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General Lyman Lemnitzer's Army Green Uniform
General Lyman Lemnitzer's Army Green Uniform


 
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Our Price: $4,500.00
Sale Price: $4,500.00

Quantity in Stock:1
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Product Code: W16
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Description
 
  • General (4 Star) Lyman Lemnitzer's Army Green Uniform, "Chairman Of The Joint Chiefs Of Staff", and the "Supreme Allied Commander Of NATO"
  • January 15th, 1964 dated, US Army, Coat, Man's, Poly/Wool Tropical, AG-344, or Army Green Uniform
  • Uniform has his typed-in name and date on the inside pocket (Verifing provenance)
  • Uniform has his embroidered name label sewn inside the lining (making this the only double-named General's uniforms found in over 210 General's uniforms in the museum collection - VERY RARE, and an additional proof of provenance)
  • Has 4 silver bullion cloth stars sewn on each shoulder epaulette
  • Has his General's mohair cloth rings on each lower sleeve
  • Includes a 1967 dated, original US Army photo of General Lemnitzer
  • Includes 8 pages of biographical/historical information on his career
  • Condition is a low Excellent

    Biographical Information on General Lyman Lemnitzer

    Born at Honesdale, Pennsylvania, August 29, 1899, he graduated from West Point in 1920 and was commissioned in the Coast Artillery. After graduating from the Coast Artillery School in 1921, he served in Rhode Island and the Philippines. He was an instructor at West Point, 1926-30, and after a second tour in the Philippines, 1934-35. After graduation from the Command and General Staff School in 1936, he was an instructor at the Coast Artillery School unit 1939. In 1940, on graduating from the Army War College, he was assigned to staff duty with Coast Artillery units in the South. In May 1941, by then a Colonel, he joined the General Staff in Washington, serving in the War Plans Division and on the Army Ground Forces Staff.

    In June 1942, he was promoted to Brigadier General in command of the 34th Anti-Aircraft Brigade, but soon received appointment as Assistant Chief of Staff of the Allied Forces Headquarters, under General Dwight D. Eisenhower, in London. After aiding in the planning of the North African invasion, he resumed command of the 34th in February 1943 and led it in the opening phases of General George Patton's Sicilian Campaign. In late June 1943, he became Deputy Chief of Staff of the Allied 15th Army Group (US 7th, British 8th) under General Sir Harold R.L.G. Alexander. He was promoted to Major General in November 1944 and remained with Alexander when the latter became Field Marshal, Supreme Allied Commander, Mediterranean Theater, in December 1944.

    From November 1945-August 1947, he was the Army Member of the Strategic Survey Committee of the Joint Chiefs of Staff, and then Deputy Commandant of the National War College until October 1949. After a year as Director of the Office of Military Assistance in the Department of Defense, he underwent parachute training - at the age of 51 - and was given command of the 11th Airborne Division, Fort Campbell, Kentucky. In November 1951, he was ordered in Korea to command the 7th Infantry Division. He was promoted to Lieutenant General in August 1952 and was named Deputy Chief of Staff of the Army for Plans and Research. In March 1955 he was appointed Commander of US Army Forces in the Far East and of the 8th Army, with rank of General, and in June became Commander of the Far East Command and of the United Nations command and Governor of Ryuku Island. In July 1957, he suvveeded General Maxwell D. Taylor as Chief of Staff of the Army. He held that post through September 1960 when he was appointed Chairman of the Joint Chiefs of Staff. In November 1962, he became Commander of US Forces in Europe, and in January 1963 succeeded to the post of Supreme Allied Commander, Europe. He retired from the Army in July 1969. In 1975 he was appointed by President Gerald Ford to a blue-ribbon panel to investigate domestic activities of the Central Intelligence Agency (CIA). He was greatly respected as a strategist, one fo the most durable soldiers of his time, his powers in no degree were diminished even in advanced age. He died on November 12, 1988 and was buried in Section 30 of Arlington National Cemetery. His wife Katherine Tryon Lemnitzer (1901-1994) is buried with him.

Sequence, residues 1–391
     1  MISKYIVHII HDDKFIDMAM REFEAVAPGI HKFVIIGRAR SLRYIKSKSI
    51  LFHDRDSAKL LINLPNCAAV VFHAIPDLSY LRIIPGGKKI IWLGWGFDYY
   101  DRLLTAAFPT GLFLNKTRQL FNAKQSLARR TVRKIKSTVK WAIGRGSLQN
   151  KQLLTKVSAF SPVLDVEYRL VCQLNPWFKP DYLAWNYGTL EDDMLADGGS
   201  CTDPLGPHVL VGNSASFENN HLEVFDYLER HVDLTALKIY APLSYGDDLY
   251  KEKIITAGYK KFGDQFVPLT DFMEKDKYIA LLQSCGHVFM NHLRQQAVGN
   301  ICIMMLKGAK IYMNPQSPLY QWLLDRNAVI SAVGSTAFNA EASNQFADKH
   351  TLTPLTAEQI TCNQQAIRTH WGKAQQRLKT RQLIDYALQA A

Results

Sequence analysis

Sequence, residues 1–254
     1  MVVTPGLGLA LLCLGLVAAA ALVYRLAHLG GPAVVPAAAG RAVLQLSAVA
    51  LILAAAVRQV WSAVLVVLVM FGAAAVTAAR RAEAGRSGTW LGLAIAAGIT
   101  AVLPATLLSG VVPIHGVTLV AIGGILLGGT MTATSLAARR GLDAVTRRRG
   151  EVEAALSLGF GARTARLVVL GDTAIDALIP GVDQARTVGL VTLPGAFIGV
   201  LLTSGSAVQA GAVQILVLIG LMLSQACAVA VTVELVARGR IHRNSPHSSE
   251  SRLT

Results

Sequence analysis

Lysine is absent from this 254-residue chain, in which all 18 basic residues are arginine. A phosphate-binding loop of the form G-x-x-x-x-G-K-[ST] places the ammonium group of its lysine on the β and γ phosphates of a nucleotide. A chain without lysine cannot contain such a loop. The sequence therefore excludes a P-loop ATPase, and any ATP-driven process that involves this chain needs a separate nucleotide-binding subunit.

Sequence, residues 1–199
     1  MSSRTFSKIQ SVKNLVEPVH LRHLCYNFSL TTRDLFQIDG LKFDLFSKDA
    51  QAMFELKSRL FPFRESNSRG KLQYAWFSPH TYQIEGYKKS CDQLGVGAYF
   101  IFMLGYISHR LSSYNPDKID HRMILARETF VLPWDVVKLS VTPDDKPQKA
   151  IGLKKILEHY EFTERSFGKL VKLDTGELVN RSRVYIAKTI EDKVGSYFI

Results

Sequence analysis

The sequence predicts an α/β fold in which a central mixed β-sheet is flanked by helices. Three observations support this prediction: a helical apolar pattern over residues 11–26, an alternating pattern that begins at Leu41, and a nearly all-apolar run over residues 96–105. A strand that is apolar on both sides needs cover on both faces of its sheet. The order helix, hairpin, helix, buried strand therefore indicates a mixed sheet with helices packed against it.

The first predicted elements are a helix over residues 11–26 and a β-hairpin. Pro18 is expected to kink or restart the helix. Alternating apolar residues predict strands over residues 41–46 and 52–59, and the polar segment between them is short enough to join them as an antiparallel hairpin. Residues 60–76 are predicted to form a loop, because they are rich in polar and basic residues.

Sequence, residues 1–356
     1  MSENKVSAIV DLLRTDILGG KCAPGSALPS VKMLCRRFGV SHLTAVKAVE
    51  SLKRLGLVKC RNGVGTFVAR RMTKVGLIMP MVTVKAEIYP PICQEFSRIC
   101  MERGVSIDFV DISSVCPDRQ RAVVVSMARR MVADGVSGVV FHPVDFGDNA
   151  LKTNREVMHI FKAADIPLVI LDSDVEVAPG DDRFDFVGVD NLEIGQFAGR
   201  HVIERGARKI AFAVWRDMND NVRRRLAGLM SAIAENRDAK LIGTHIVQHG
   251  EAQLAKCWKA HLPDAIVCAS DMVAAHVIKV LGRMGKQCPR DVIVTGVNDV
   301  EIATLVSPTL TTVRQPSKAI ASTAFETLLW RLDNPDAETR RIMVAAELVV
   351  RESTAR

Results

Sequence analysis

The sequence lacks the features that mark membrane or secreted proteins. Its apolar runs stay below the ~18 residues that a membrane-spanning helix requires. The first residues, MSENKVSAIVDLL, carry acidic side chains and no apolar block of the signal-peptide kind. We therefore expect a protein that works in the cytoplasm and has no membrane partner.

Note: Biographical information was attained from the Arlington National Cemetery Website.

    Comments from the Curator:

    This item is the ultimate combat General's uniform that a collector could ever hope to find. It meets all of the necessary criteria to be a top-of-the-line collectible for the advance collector. These criteria are:
  • he saw combat in World War II
  • he was a General in World War II
  • he saw combat as a General in World War II
  • he obtained the highest rank possible in the post World War II period (that of a 4 Star General)
  • he held the highest level of domestic command (that of "Chairman of the Joint Chiefs of Staff")
  • he held the highest level of overseas command (that of "Supreme Allied Commander of NATO")


  • The provenance of this uniform is beyond exceptional. Rarely have we seen a double-named General's uniform in over 40 years of collecting! The Lemnitzer estate auction was held in 2007 and this uniform, and 4 of General Lemnitzer's caps were all that this museum could acquire due to the tremendously high prices relized for each item of the auction. This museum's website is also listing General Lemnitzer's 4 caps for sale as well. This is a once in a lifetime chance to own a truly spectatcular "attributed" combat Generals uniform.

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